Equal Protection

It also appears that Plaintiff may be able to state an equal protection claim. Therefore, the Court here provides Plaintiff with the legal standard for his review.

The Equal Protection Clause requires that persons who are similarly situated be treated alike. City of Cleburne, Tex. v. Cleburne Living Center, 473 U.S. 432, 439, 105 S.Ct. 3249 (1985); Shakur v. Schriro, 514 F.3d 878, 891 (9th Cir. 2008). An equal protection claim may be established by showing that Defendants intentionally discriminated against Plaintiff based on his membership in a protected class, Comm. Concerning Cmty. Improvement v. City of Modesto, 583 F.3d 690, 702-03 (9th Cir. 2009); Serrano v. Francis, 345 F.3d 1071,1082 (9th Cir. 2003), Lee v. City of Los Angeles, 250 F.3d 668, 686 (9th Cir. 2001), or that similarly situated individuals were intentionally treated differently without a rational relationship to a legitimate state purpose, Engquist v. Oregon Department of Agr., 553 U.S. 591, 601-02, 128 S.Ct. 2146 (2008); Village of Willowbrook v. Olech, 528 U.S. 562, 564, 120 S.Ct. 1073 (2000); Lazy Y Ranch Ltd. v. Behrens, 546 F.3d 580, 592 (9th Cir. 2008); North Pacifica LLC v. City of Pacifica, 526 F.3d 478, 486 (9th Cir. 2008).

Plaintiff alleges facts characteristic of an equal protection claim. However, Plaintiff has not named or alleged facts against any defendant in the Complaint against whom an equal protection claim may proceed. Plaintiff shall be granted an opportunity to amend this claim.

III. CONCLUSION AND ORDER

The Court finds that Plaintiff has shown cause for the Court to grant his motion for reconsideration in part, and this case shall be reopened. Plaintiff's claim for violation of his rights during state court proceedings shall remain dismissed without leave to amend. However, Plaintiff shall be granted leave to amend the Complaint to cure the deficiencies described above in his claims for discrimination. Under Rule 15(a) of the Federal Rules of Civil Procedure, leave to amend 'shall be freely given when justice so requires.'" The Court will allow Plaintiff thirty days in which to file an amended complaint, curing the deficiencies identified in this order. Lopez, 203 F.3d at1126-30.

The amended complaint should be brief, but must state what each named defendant did that led to the deprivation of Plaintiff's constitutional or other federal rights. Fed. R. Civ. P. 8(a); Iqbal, 129 S.Ct. at 1948-49; Jones v. Williams, 297 F.3d 930, 934 (9th Cir. 2002). Plaintiff should note that although he has been given the opportunity to amend, it is not for the purposes of adding unrelated claims or claims arising after December 19, 2011. In addition, Plaintiff should take care to include only those claims for which he has exhausted his administrative remedies prior to December 19, 2011.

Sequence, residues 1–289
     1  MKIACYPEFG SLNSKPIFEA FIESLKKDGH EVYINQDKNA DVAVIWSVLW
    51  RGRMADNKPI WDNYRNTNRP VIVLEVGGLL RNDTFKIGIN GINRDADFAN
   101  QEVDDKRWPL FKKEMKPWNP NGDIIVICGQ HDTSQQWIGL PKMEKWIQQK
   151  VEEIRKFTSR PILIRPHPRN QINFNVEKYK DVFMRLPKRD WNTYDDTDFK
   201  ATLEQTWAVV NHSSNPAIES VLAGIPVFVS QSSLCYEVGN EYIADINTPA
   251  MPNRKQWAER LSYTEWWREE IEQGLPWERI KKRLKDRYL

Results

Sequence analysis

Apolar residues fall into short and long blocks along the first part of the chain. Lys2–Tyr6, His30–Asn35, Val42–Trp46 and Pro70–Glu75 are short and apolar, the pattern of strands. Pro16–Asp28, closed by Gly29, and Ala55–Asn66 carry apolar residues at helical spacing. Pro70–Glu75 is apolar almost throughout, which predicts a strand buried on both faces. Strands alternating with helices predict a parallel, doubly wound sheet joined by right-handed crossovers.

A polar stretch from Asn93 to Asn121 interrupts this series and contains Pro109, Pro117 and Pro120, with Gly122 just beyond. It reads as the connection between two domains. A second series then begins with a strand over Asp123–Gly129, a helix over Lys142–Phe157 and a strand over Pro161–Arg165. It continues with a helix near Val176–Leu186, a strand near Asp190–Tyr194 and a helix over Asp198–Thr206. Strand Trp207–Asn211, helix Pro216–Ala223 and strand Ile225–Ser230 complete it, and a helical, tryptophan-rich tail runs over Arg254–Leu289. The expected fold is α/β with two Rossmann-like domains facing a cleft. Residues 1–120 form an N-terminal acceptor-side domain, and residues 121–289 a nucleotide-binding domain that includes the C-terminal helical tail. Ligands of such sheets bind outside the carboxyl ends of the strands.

Finally, Plaintiff is advised that Local Rule 220 requires that an amended complaint be complete in itself without reference to any prior pleading. As a general rule, an amended complaint supersedes the original complaint. See Loux v. Rhay, 375 F.2d 55, 57 (9th Cir. 1967). Once an amended complaint is filed, the original complaint no longer serves any function in the case. Therefore, in an amended complaint, as in an original complaint, each claim and the involvement of each defendant must be sufficiently alleged. The amended complaint should be clearly and boldly titled "First Amended Complaint," refer to the appropriate case number, and be an original signed under penalty of perjury.

Based on the foregoing, it is HEREBY ORDERED that:

1. Plaintiff's motion for reconsideration, filed on May 17, 2012, is GRANTED in part;

2. The Clerk is directed to reopen this case;

3. Plaintiff's claim for violation of his rights during state court proceedings remains dismissed with leave to file a new petition for writ of habeas corpus, pursuant to the Court's order of April 24, 2012;

4. Plaintiff's claims for discrimination under the ADA and for equal protection violations are dismissed for failure to state a claim, with leave to amend;

5. Plaintiff is granted leave to amend the Complaint within thirty (30) days from the date of service of this order, as instructed above;

6. The Clerk's Office shall send Plaintiff a civil rights complaint form;

7. Plaintiff shall caption the amended complaint "First Amended Complaint" and refer to the case number 1:11-cv-02090-GSA-PC; and

8. If Plaintiff fails to comply with this order, this action will be dismissed for failure to state a claim upon which relief may be granted.

20120605